- Do your grocery shopping on the same day weekly or subscribe to a delivery.
- Design a morning routine that may include exercising, meditation, goal setting, daily journaling, breakfast, commute, etc.
- Meal-prep in advance or create a meal schedule for a few weeks.
- Automate utility bills and savings payments.
- Set up Google calendar reminders for recurring doctor appointments.
- Pick a day every month for a nail/hair appointment.
- Make it a habit to book a date with your partner/family for quality time together.
Apps to Help in the Decision-Making Process
In addition to tree diagrams and step-by-step plans for decision-making processes, put technology to good use. Use the apps below to help weigh the pros and cons of upcoming decisions and organize all the details in one place.
This app allows you to break down the thinking process into three steps and then evaluate your decision in the end. First you write down all the choices you have, and then you list all the pros and cons that accompany your decision. The final step is the most exciting one as the website presents your data in a series of questions which will help you to determine the best alternative.
This app for your Android helps you to create a list of pros and cons which you can then rate on a 10-point scale (from “not important” to “very important” for pros and from “not bad” to “very bad” for cons). Once you have listed as many pros and cons as you can think of, the next step is to tally the results depending on the weight of each item on your list.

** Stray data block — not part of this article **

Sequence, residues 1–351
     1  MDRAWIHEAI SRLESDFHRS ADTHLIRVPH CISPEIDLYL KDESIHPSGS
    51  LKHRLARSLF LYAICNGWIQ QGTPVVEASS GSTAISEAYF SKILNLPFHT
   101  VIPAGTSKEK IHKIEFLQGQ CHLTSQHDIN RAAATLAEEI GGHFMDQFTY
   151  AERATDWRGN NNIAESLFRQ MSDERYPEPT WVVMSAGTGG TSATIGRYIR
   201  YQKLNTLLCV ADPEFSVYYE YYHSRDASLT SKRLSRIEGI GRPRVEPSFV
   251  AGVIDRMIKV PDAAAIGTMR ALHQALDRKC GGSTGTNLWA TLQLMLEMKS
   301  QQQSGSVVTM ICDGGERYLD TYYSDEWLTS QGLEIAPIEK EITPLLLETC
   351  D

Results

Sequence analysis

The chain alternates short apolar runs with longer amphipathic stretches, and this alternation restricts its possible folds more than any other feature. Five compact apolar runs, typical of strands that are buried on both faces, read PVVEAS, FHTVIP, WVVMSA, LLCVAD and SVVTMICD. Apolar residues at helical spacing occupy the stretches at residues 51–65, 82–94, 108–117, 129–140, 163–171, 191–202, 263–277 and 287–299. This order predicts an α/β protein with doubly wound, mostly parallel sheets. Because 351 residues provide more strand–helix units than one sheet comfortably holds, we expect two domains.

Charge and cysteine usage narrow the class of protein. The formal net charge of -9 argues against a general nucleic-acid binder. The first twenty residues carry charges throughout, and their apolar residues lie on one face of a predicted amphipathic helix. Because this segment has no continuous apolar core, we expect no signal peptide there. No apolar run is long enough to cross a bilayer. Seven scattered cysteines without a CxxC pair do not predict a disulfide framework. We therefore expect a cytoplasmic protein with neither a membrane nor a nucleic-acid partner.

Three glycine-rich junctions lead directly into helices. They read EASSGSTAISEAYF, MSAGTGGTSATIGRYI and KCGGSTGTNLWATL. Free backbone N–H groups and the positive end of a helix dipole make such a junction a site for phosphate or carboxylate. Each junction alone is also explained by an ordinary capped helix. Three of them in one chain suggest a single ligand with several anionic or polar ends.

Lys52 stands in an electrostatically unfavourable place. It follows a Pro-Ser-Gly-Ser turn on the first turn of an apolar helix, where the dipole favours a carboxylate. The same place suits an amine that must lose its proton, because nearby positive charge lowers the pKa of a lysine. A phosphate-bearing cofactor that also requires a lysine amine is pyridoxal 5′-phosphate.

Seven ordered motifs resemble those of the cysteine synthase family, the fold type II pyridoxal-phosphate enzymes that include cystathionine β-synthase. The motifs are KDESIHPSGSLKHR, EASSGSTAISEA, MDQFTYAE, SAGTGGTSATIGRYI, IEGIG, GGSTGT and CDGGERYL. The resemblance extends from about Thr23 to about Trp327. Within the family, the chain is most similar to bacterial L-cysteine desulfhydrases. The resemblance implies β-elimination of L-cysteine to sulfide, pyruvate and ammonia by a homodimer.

Pollsify is an app that creates shareable polls to collect opinions from your subscribers or coworkers. You can create both public and private polls and attach a GIF or an image or pin a location in addition to adding a question. Polls can be two types: multiple choice texts or emojis.
Decision making skills are extremely crucial when it comes to managing your time and choosing a career or educational path. If you’d like to get more background information on methods and techniques for making better and faster decisions, here is a Decision Making Scenarios course, designed to explain applying quantitative models to better business decisions. Additionally, the University of California is offering a course on effective problem-solving and decision-making with a focus on critical thinking. Being comfortable with making decisions and moving on guilt-free will help you to get ahead in less time.
Photos: Shutterstock / Edited by: Martina Advaney
Check out the other articles in the series of Top Future Skills: